There are a handful of award-winning, exclusive restaurants dotted around the town. If you want to eat in one of the high-profile joints in the area, it’s always wise to book in advance. People come from far and wide, such is the reputation of Port Douglas’ chefs, so there can be lengthy waiting lists.

Despite its local specialities, you’ll find everything from seafood restaurants to alfresco Italian diners. You’ll pay a premium for waterfront views, but it’s worth pushing the boat out for a special occasion.

Breakfast and brunch are big business in Port Douglas, and there are dishes to suit everyone. Start your day with a vitamin-packed smoothie or indulge in a pancake stack complete with fresh fruit and sugary syrup. If you’re keen to make the most of local produce, a macadamia milk cappuccino comes highly recommended.


Where to eat

If you’re travelling to Port Douglas, you’ll find a host of reviews and recommendations in travel guides and you can also read online blogs. If you’re staying in a hotel, local knowledge often proves invaluable, so don’t be afraid to ask around for the best spots in town.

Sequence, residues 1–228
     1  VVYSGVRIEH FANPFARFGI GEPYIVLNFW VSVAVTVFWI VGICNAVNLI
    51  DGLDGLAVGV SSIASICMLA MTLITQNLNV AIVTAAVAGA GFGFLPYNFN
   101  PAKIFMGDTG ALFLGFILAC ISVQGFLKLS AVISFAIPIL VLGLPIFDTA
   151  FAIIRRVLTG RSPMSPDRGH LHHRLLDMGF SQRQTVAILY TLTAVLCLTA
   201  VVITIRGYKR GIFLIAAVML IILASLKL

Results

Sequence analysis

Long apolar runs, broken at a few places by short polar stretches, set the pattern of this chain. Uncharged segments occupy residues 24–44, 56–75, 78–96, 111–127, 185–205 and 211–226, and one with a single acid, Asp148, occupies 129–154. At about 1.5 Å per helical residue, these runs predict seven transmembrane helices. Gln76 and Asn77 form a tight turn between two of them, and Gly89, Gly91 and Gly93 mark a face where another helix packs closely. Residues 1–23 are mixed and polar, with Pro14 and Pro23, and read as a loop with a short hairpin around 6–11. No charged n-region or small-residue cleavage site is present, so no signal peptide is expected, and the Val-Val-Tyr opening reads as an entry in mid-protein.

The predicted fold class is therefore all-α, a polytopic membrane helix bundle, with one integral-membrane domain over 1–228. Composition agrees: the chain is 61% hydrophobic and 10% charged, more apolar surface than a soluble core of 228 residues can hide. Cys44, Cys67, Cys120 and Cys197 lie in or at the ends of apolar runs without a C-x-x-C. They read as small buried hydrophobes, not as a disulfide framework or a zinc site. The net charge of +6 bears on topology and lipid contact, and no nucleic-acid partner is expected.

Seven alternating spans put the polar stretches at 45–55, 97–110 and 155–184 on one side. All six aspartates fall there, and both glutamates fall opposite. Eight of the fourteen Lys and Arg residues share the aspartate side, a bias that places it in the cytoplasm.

Port Douglas has become a major player on the foodie scene. If you’re heading that way, stop off for a healthy lunch, an indulgent dinner or a hearty breakfast to set you up for the day ahead. There are plenty of outdoor activities on offer in the surrounding area to burn off those excess calories, so don’t worry about your waistline too much!

The unique glow of the Blue Mountains

You might think that the Blue Mountains was a name given to add a bit of intrigue to these Australian peaks – a marketing ploy to attract visitors to the area. But it’s entirely true: the mountains really do take on a spectacular blue hue when the sun catches the oil that sits above the eucalyptus trees covering the area, giving the vistas you will see when visiting the area a uniquely magical aura.

Found in New South Wales just west of Sydney, the area has long been inhabited by Aboriginal communities, whose creation story tells that two creatures fought an epic battle that left this landscape with a great scar – the Jamison Valley that cuts through the mountains.

The platypus, the koala and the long-nosed potoroo are all to be found here in the Blue Mountains, and here are three ways to spend time in the fantastic environment they call home.


Three sisters

To call the Three Sisters a rock formation would be to do a disservice to one of the Blue Mountains’ most famous landmarks. These three shapes jutting out into the azure hues of the sky are iconic, featuring in Aboriginal folklore and drawing thousands of visitors. One of the most rewarding ways to see the rocks is a bushwalking trail that starts at Echo Point and passes the Three Sisters before descending in spectacular fashion down the The Giant Stairway to the valley floor.